MIT neuroscientists have discovered that an enzyme called HDAC1 is critical for repairing age-related DNA damage to genes involved in memory and other cognitive functions. This enzyme is often diminished in both Alzheimer’s patients and normally aging adults.
In a study of mice, the researchers showed that when HDAC1 is lost, a specific type of DNA damage builds up as the mice age. They also showed that they could reverse this damage and improve cognitive function with a drug that activates HDAC1.
The study suggests that restoring HDAC1 could have positive benefits for both Alzheimer’s patients and people who suffer from age-related cognitive decline, the researchers say.
“It seems that HDAC1 is really an anti-aging molecule,” says Li-Huei Tsai, the director of MIT’s Picower Institute for Learning and Memory and the senior author of the study. “I think this is a very broadly applicable basic biology finding, because nearly all of the human neurodegenerative diseases only happen during aging. I would speculate that activating HDAC1 is beneficial in many conditions.”
Picower Institute research scientist Ping-Chieh Pao is the lead author of the study, which appears today in Nature Communications.
DNA repair and aging
There are several members of the HDAC family of enzymes, and their primary function is to modify histones — proteins around which DNA is spooled. These modifications control gene expression by blocking genes in certain stretches of DNA from being copied into RNA.
In 2013, Tsai’s lab published two papers that linked HDAC1 to DNA repair in neurons. In the current paper, the researchers explored what happens when HDAC1-mediated repair fails to occur. To do that, they engineered mice in which they could knock out HDAC1 specifically in neurons and another type of brain cells called astrocytes.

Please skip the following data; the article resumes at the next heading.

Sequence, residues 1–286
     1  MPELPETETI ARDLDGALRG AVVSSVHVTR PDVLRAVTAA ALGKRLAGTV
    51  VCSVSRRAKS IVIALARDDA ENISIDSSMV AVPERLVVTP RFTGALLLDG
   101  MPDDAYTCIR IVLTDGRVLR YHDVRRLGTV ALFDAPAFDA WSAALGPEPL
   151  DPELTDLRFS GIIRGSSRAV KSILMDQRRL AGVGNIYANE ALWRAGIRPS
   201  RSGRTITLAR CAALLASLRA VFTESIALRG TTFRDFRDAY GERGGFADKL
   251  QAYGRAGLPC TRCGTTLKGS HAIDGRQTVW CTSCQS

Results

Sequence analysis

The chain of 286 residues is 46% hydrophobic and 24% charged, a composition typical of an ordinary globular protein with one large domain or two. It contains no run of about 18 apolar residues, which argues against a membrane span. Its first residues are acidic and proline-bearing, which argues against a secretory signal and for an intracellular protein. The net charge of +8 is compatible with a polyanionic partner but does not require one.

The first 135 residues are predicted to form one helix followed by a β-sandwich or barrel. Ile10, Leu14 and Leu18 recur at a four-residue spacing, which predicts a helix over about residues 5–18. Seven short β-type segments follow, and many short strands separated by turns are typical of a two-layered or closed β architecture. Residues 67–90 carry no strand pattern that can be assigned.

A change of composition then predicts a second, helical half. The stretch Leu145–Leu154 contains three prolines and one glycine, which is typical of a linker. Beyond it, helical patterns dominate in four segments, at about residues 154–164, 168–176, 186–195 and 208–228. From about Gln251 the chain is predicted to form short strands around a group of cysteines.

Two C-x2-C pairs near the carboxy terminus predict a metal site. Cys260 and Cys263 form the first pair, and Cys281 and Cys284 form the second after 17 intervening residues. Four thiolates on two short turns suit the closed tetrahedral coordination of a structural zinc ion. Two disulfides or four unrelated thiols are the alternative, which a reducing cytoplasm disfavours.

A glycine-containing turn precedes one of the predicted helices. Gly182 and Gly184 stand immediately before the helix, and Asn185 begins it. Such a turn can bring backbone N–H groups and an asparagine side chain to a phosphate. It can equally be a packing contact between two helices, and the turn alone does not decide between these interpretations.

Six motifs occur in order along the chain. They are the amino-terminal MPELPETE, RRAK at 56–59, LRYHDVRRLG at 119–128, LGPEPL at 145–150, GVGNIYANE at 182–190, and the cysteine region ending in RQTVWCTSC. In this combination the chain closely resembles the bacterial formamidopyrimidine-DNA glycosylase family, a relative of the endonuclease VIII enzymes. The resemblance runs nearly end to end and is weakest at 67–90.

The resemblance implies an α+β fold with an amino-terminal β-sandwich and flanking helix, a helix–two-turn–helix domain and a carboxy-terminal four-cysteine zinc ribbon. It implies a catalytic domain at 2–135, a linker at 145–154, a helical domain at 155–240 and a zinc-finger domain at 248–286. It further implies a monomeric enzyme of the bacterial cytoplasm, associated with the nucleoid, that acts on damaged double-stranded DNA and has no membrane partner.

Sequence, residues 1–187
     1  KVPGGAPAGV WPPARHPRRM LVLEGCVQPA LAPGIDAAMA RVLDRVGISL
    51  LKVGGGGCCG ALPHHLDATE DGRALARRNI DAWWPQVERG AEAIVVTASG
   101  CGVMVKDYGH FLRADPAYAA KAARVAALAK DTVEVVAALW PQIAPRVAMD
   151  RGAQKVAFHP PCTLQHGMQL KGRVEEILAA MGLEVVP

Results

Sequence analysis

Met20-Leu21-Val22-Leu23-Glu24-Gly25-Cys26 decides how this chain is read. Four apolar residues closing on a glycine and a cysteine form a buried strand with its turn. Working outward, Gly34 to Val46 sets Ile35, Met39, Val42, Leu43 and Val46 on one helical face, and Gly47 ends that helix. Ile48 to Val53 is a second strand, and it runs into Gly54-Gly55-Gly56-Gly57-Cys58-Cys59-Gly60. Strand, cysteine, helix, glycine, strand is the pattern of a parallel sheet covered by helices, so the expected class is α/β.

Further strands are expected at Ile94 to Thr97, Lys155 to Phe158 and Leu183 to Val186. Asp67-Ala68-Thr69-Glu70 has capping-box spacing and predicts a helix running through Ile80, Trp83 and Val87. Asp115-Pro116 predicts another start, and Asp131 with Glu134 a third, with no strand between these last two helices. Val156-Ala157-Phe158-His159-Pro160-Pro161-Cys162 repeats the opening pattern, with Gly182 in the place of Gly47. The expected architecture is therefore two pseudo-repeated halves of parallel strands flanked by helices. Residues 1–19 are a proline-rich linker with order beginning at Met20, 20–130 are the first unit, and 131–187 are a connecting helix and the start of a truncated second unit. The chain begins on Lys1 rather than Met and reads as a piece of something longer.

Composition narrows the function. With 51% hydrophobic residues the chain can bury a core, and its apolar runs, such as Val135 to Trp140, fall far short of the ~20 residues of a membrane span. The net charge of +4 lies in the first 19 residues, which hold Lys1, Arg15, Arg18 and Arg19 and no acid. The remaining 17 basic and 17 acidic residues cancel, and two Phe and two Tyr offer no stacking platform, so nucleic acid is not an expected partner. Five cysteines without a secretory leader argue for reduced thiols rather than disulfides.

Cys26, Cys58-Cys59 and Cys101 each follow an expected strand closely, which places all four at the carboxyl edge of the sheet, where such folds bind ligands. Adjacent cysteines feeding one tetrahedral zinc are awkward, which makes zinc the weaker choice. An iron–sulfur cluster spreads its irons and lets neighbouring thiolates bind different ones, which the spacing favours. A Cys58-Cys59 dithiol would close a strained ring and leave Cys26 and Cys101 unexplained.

For the first several months of the mice’s lives, there were no discernable differences in their DNA damage levels or behavior, compared to normal mice. However, as the mice aged, differences became more apparent. DNA damage began to accumulate in the HDAC1-deficient mice, and they also lost some of their ability to modulate synaptic plasticity — changes in the strength of the connections between neurons. The older mice lacking HCAC1 also showed impairments in tests of memory and spatial navigation.
The researchers found that HDAC1 loss led to a specific type of DNA damage called 8-oxo-guanine lesions, which are a signature of oxidative DNA damage. Studies of Alzheimer’s patients have also shown high levels of this type of DNA damage, which is often caused by accumulation of harmful metabolic byproducts. The brain’s ability to clear these byproducts often diminishes with age.
An enzyme called OGG1 is responsible for repairing this type of oxidative DNA damage, and the researchers found that HDAC1 is needed to activate OGG1. When HDAC1 is missing, OGG1 fails to turn on and DNA damage goes unrepaired. Many of the genes that the researchers found to be most susceptible to this type of damage encode ion channels, which are critical for the function of synapses.
Several years ago, Tsai and Stephen Haggarty of Harvard Medical School, who is also an author of the new study, screened libraries of small molecules in search of potential drug compounds that activate or inhibit members of the HDAC family. In the new paper, Tsai and Pao used one of these drugs, called exifone, to see if they could reverse the age-related DNA damage they saw in mice lacking HDAC1.
The researchers used exifone to treat two different mouse models of Alzheimer’s, as well as healthy older mice. In all cases, they found that the drug reduced the levels of oxidative DNA damage in the brain and improved the mice’s cognitive functions, including memory.
Exifone was approved in the 1980s in Europe to treat dementia but was later taken off the market because it caused liver damage in some patients. Tsai says she is optimistic that other, safer HDAC1-activating drugs could be worth pursuing as potential treatments for both age-related cognitive decline and Alzheimer’s disease.
“This study really positions HDAC1 as a potential new drug target for age-related phenotypes, as well as neurodegeneration-associated pathology and phenotypes,” she says.
Tsai’s lab is now exploring whether DNA damage and HDAC1 also play a role in the formation of Tau tangles — misfolded proteins in the brain that are a signature of Alzheimer’s and other neurodegenerative diseases.
The research was funded by the National Institute on Aging, the National Institute of Neurological Disorders and Stroke, and a Glenn Award for Research in Biological Mechanisms of Aging.